Raja Koduri, the former graphics boss at AMD who spearheaded the launch of Vega, is still assembling a team at Intel where he now works. His mission is similar—to release discrete GPUs and bolster Intel's graphics business. To help do that, he is bringing on board Tom Forsyth, a familiar face in Santa Clara.
Forsyth was largely responsible for Larrabee, which failed to launch as a consumer 3D graphics card like Intel hoped. Bringing back Larrabee's chief architect might not instill confidence in Intel's present and future graphics play, but if you ask Forsyth, Larrabee was not actually a failure. He said as much in a blog post two summers ago.
"Every month or so, someone will ask me what happened to Larrabee and why it failed so badly. And I then try to explain to them that not only didn't it fail, it was a pretty huge success. And they are understandably very puzzled by this, because in the public consciousness Larrabee was like the Itanic and the SPU rolled into one, wasn't it? Well, not quite," Forsyth wrote.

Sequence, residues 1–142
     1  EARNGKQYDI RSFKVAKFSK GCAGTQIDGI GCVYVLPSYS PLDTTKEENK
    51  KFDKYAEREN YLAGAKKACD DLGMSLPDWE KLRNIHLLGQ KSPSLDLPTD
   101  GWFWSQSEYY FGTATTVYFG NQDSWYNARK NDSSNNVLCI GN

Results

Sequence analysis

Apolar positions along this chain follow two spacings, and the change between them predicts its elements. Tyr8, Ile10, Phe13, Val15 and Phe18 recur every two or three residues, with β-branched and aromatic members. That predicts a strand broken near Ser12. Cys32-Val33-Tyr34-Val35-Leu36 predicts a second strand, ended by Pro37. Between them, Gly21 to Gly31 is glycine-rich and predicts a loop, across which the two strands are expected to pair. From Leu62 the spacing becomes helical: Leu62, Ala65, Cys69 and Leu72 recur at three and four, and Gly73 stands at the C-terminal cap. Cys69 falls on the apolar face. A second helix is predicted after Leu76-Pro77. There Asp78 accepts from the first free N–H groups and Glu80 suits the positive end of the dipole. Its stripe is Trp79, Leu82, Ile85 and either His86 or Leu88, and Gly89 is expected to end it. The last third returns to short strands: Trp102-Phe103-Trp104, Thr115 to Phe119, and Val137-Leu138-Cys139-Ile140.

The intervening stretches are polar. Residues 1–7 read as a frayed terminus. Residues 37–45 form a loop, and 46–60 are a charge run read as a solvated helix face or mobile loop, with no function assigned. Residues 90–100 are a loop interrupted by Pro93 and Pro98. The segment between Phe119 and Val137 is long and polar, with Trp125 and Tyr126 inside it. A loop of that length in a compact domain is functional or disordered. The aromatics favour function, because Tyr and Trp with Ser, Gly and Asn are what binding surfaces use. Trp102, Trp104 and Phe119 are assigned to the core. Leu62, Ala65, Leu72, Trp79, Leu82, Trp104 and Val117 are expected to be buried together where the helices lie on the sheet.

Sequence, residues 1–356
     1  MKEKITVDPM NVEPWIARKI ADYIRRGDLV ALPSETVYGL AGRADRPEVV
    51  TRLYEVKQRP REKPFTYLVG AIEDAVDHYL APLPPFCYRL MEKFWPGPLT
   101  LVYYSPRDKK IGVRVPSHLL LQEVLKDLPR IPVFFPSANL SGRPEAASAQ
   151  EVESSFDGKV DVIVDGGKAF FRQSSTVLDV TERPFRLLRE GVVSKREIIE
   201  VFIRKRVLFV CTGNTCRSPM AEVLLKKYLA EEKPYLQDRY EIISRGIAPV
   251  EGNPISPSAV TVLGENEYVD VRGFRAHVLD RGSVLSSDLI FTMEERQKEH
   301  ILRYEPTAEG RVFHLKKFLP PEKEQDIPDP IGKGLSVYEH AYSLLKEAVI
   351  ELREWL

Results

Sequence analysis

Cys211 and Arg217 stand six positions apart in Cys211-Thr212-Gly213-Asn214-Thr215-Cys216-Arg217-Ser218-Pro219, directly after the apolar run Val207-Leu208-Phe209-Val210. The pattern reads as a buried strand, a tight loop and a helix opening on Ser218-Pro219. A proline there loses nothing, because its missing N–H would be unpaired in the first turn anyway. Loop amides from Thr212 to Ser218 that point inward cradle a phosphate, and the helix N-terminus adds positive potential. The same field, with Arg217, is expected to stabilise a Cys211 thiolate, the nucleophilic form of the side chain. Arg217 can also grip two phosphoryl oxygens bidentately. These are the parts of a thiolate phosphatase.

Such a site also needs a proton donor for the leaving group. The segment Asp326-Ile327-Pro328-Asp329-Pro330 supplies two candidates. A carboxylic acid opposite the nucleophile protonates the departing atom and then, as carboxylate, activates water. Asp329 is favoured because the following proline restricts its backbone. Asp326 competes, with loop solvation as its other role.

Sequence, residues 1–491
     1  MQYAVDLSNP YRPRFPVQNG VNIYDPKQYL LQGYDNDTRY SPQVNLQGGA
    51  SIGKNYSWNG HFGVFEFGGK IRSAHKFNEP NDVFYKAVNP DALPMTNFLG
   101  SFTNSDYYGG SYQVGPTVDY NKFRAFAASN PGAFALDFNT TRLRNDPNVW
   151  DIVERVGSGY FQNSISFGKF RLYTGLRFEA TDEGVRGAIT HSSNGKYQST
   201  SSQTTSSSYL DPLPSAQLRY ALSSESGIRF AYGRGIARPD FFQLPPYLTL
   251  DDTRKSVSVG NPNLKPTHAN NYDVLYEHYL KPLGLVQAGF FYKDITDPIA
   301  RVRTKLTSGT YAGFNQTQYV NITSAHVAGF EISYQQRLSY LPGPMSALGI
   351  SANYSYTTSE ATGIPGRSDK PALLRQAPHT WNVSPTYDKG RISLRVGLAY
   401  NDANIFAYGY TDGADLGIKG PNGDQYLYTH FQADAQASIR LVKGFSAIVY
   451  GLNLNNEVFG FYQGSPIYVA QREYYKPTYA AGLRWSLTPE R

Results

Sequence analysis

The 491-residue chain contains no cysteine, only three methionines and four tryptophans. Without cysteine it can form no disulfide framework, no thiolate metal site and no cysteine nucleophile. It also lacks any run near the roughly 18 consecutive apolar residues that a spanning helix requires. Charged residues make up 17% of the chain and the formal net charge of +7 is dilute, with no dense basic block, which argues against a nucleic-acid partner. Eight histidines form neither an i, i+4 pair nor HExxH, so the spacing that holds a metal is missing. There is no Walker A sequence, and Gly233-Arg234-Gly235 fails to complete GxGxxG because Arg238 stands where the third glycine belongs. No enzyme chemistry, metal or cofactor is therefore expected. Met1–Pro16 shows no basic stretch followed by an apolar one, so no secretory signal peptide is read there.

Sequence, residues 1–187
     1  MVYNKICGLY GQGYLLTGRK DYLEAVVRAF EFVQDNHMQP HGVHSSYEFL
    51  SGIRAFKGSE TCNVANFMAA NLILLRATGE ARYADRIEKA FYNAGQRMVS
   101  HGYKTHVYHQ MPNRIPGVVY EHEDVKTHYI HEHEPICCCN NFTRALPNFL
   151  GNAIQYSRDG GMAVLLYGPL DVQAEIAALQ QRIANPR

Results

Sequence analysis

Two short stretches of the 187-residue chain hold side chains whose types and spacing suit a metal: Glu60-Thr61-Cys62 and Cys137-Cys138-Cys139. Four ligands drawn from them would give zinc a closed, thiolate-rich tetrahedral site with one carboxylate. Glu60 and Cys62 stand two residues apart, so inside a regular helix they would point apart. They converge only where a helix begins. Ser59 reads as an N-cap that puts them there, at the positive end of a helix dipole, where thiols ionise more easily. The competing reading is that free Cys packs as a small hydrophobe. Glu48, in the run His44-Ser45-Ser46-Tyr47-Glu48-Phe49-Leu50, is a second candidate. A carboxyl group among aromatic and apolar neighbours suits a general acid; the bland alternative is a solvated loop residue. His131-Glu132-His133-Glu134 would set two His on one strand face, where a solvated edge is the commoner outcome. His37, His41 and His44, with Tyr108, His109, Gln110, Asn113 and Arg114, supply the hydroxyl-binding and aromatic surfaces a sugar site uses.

He goes on to outline the various ways in which he views Larrabee as a success, though does ultimately admit he has mixed feelings about the architecture being scrapped as a graphics device. It's worth a read if you have a few minutes to spare.
As for what exactly he'll be working on at Intel, he's not sure yet. Since he's joining Koduri, it's assumed Forsyth will be heavily involved in graphics, though whether that entails gaming GPUs, graphics chips for data center accelerators, or any other sector remains to be seen.
Forsyth joins Raja along with other familiar names like Chris Hook, another former employee who worked at Intel's rival for 17 years, dating back to the ATI era. Intel is planning to launch its first discrete GPU in 2020.